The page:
$4.7M In Federal Funds Threatened In Westchester Housing Dispute

WHITE PLAINS, N.Y. – About $7.4 million in federal housing and development funds will be reallocated away from Westchester County unless officials comply with terms set in a Housing Settlement, the Department of Housing and Urban Development said.

Westchester County Executive Rob Astorino has disputed arguments that the county is not complying with federal the housing settlement.
Westchester County Executive Rob Astorino has disputed arguments that the county is not complying with federal the housing settlement. Photo Credit: File Photo

“To date, the county has not provided satisfactory certification that it will comply with its obligation to affirmatively further fair housing as part of its FY 2011 Annual Action Plan,” Vincent Hon wrote in a letter to County Executive Rob Astorino on Monday.

Under the settlement, Westchester County is required to build 750 units of affordable housing in 31 mostly white communities. County officials said Monday they were in full compliance with the settlement — and ahead of schedule.

“HUD's most recent letter of March 25 is just one more example of the federal government trying to bully Westchester to do things that go far beyond the terms of the settlement and dismantle local zoning,” County spokesman Ned McCormack said in a statement.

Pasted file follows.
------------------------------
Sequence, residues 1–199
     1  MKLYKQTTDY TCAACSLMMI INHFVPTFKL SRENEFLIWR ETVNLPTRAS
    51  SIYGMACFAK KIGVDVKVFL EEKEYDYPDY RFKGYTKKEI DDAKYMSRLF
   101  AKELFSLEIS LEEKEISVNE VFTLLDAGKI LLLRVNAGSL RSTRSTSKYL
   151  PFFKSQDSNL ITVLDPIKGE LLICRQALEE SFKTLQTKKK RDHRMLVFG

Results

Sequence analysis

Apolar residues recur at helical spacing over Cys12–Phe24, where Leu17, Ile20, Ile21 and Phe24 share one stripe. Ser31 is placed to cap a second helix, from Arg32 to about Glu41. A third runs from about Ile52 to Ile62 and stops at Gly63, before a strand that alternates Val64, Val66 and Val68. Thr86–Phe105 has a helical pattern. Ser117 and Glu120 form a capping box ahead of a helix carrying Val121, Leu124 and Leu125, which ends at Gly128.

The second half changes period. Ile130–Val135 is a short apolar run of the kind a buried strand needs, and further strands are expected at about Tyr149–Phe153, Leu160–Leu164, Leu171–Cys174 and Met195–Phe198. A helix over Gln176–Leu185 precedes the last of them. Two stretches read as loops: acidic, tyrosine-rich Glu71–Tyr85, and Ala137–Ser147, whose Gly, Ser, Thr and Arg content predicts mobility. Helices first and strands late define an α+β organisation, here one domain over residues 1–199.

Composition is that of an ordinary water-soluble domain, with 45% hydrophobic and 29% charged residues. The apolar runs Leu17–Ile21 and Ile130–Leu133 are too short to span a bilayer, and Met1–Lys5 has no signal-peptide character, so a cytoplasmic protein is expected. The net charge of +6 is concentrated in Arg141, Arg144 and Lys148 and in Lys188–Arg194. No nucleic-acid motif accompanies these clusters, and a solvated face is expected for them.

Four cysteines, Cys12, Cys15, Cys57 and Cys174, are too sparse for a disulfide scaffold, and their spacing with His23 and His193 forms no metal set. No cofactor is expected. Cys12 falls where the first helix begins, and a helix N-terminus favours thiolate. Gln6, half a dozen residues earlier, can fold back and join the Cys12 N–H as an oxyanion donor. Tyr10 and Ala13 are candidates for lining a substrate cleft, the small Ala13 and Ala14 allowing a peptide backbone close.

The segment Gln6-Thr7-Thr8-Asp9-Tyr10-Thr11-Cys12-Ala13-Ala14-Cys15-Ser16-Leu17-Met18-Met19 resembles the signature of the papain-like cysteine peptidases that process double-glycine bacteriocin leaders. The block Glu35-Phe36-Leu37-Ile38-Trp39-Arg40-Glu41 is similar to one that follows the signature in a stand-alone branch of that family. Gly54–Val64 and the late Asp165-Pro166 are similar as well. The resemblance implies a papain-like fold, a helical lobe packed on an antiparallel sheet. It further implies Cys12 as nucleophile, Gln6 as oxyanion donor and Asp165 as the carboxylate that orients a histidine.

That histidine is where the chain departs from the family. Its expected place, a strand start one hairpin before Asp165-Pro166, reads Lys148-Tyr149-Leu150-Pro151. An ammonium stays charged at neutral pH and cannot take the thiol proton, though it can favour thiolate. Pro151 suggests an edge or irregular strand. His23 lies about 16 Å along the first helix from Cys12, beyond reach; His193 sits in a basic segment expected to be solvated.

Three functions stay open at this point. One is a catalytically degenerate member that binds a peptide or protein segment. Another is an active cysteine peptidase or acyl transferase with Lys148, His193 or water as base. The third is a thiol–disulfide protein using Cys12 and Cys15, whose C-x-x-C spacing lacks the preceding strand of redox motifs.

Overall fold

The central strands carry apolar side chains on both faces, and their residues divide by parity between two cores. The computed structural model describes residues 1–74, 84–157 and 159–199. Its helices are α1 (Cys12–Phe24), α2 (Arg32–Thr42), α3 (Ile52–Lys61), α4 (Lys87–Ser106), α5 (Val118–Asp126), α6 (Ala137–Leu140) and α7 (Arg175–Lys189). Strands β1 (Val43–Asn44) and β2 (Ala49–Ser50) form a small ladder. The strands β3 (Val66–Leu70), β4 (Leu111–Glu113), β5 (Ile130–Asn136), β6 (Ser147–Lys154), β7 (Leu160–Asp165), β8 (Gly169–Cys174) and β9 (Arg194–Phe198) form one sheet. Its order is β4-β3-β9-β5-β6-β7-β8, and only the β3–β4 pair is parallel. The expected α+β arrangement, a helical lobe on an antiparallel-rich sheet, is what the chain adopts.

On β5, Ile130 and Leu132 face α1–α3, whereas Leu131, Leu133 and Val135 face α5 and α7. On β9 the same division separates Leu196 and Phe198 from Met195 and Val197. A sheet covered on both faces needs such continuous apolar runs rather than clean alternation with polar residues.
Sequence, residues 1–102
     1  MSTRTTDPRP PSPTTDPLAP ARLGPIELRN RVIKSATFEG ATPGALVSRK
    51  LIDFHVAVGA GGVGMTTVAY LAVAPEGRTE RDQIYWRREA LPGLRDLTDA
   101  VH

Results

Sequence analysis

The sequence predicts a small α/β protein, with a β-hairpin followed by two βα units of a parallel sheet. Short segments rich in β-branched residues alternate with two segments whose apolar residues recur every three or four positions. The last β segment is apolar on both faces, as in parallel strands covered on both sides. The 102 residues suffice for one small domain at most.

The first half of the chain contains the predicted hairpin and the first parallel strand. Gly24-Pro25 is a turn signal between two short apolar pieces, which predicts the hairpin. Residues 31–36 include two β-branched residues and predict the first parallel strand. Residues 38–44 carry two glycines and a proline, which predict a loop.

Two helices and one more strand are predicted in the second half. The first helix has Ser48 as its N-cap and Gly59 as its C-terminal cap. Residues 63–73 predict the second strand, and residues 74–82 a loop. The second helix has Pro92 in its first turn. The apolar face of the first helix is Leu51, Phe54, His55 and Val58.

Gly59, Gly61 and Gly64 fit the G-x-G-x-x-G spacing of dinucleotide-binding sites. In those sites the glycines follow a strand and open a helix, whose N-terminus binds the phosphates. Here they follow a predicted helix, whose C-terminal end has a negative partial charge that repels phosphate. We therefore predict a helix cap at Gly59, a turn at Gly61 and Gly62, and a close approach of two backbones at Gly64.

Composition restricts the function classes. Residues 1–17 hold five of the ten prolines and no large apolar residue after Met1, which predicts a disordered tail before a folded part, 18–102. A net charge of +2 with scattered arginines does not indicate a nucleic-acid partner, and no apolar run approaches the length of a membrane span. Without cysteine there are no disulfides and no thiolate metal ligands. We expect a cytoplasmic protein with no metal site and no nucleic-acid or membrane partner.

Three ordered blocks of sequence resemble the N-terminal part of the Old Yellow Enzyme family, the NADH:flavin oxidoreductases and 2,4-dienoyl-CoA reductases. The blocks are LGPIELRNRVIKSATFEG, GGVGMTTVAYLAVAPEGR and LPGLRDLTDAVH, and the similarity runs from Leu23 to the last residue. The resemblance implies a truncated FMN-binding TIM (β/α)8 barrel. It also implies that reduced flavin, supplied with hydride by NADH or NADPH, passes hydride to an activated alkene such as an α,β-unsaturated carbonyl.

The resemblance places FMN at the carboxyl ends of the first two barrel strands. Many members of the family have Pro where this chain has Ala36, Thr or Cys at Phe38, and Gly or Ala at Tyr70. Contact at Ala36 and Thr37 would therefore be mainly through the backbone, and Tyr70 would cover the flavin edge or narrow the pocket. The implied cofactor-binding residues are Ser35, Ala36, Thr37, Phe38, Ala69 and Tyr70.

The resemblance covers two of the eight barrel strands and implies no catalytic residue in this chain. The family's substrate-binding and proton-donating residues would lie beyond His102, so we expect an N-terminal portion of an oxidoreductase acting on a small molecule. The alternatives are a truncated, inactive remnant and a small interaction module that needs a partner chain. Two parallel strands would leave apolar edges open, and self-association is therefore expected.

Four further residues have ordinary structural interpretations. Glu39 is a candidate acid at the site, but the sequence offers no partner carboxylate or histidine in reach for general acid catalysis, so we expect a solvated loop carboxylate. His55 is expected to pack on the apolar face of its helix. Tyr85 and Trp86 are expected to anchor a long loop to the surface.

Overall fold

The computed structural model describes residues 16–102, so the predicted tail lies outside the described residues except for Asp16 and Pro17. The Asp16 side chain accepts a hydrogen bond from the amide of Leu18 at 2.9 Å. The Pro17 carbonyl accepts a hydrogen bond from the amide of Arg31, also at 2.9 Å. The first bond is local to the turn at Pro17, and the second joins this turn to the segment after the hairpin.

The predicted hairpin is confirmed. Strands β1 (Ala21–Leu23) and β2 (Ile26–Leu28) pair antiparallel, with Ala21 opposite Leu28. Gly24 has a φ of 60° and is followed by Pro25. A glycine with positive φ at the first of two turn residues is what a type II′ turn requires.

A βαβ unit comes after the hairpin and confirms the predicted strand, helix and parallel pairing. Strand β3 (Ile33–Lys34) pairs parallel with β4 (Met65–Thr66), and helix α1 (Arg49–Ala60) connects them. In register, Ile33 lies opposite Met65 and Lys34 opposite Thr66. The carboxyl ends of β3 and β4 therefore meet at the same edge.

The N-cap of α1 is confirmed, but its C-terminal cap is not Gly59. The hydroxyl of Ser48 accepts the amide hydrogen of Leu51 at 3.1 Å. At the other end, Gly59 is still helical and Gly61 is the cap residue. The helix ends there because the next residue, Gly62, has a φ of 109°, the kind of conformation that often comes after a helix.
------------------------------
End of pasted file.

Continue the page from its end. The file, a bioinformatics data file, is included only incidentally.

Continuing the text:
“HUD's latest action of unilaterally demanding that the county give up either its constitutionally protected rights or $7 million that it was promised two years ago – money that goes not only to build affordable housing but to communities not involved in the settlement and most in need – shows that HUD has no regard or respect for fairness, due process and the judges of the U.S. Second Circuit who are charged with resolving this dispute.”

The county has until April 25 to submit “substantive assurance” that it will comply with the agreement, HUD officials say. The federal funds include more than $5.3 million in community development block grants, more than $1.6 million in HOME funds and more than $400,000 in emergency shelter grants.

County officials and the federal monitor have gone to court once again over the county’s compliance with the settlement. County officials say a comprehensive legal analysis shows local zoning practices are not exclusionary and, because of that, they're refusing to provide strategies to combat it.

The county is failing to meet deadlines for requested documents and refusing to promote source-of-income legislation or plans to overcome exclusionary zoning practices, says James Johnson, federal monitor in charge of overseeing the settlement.

“To date, the county has failed to respond in writing to HUD's request for assurances,” Hon wrote. “Instead, the county has repeatedly refused to take these remaining steps necessary to meet its obligations agreed to in the 2009 fair housing settlement.”

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